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Adding Probiotic to Lignans Enhances Bioavailability

If you are giving Flaxseed Lignans to your dog with Cushings disease, you may also want to consider giving your dog a probiotic at the same time. Flaxseed lignans involve a two-step digestive process and the SDG lignans found in flaxseed must be broken down in the digestive system before they can be absorbed. The probiotic will help with this breakdown and can increase the absorption rate of the flaxseed lignans.

flax blog pic CID website

Yogurt is a great probiotic if it has live active cultures. Activia is one brand of yogurt with live active cultures and dogs love the taste. In addition to increasing the benefits of the flaxseed lignans, the yogurt can make it easier to give the lignans to your dog. You may open a flaxseed lignan capsule and mix the lignan in with the yogurt. Large amounts of yogurt are not necessary; one tablespoon is usually sufficient to mix with the flaxseed lignans. Note: HMR lignans do not require a probiotic; HMR lignans can be absorbed into the body in a one-step digestive process. Lignans can take up to 4 months before improving symptoms in dogs with Cushings disease, but on average, most dogs (about 85%) respond in two months and have at least one symptom improve during that time.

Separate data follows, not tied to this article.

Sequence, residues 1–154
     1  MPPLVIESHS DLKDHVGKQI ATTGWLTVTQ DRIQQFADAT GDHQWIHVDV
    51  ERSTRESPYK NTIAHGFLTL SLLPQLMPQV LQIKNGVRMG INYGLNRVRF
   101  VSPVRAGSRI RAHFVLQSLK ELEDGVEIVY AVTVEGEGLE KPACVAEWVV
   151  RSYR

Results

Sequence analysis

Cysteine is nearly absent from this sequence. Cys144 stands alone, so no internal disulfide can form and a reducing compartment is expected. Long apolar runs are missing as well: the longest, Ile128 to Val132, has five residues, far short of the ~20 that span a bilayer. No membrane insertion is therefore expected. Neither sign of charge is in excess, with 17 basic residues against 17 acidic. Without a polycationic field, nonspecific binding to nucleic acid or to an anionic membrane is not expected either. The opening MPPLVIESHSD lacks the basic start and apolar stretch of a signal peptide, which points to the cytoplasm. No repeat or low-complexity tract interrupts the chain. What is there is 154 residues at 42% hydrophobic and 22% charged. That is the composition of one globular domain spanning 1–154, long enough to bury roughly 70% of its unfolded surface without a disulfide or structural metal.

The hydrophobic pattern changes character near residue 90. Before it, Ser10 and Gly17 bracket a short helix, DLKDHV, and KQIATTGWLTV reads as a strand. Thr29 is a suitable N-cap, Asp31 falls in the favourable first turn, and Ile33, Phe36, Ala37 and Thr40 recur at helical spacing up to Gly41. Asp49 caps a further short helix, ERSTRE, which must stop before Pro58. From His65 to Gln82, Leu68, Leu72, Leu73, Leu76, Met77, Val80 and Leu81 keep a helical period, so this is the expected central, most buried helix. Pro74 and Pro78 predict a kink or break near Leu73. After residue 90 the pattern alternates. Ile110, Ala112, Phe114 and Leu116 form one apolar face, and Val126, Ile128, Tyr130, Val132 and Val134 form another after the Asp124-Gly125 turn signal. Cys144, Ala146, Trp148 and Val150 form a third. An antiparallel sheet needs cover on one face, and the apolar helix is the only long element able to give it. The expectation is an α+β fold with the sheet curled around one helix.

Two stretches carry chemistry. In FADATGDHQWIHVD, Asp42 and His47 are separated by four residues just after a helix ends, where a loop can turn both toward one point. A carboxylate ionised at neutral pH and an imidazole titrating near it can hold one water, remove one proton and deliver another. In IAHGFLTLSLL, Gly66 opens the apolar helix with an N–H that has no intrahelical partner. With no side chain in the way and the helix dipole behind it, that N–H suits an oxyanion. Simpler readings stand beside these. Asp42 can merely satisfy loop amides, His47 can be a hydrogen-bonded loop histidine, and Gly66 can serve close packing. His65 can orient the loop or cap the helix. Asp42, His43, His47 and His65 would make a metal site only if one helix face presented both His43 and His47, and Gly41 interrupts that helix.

4 Responses so far.

  1. aiperon91 says:

    my cushings dog is going to receive trilostane. will this interact safely with the melatonin and lignans? thanks

    • Cushings in Dogs says:

      Some vets recommend lignans and melatonin in conjunction with conventional medications; however, we can not speak to your dog’s case in particular as each Cushings case is different. It is very important to consult your veterinarian when introducing new supplements since they are familiar with your dog’s regimen.

  2. christina owens says:

    do you need both the lignans & the melatonin?

    • Cushings in Dogs says:

      Giving both lignans and melatonin is not necessary; however, they are more effective when used together and are often recommended in conjunction with one another. They each inhibit separate enzymes needed in the production of Cortisol, a stress hormone that is produced in excess in dogs with Cushings. Reducing this heightened cortisol can help manage Cushings symptoms. It is important to consult your veterinarian on which they recommend as each Cushing’s case is different and they are more familiar with your dog’s.

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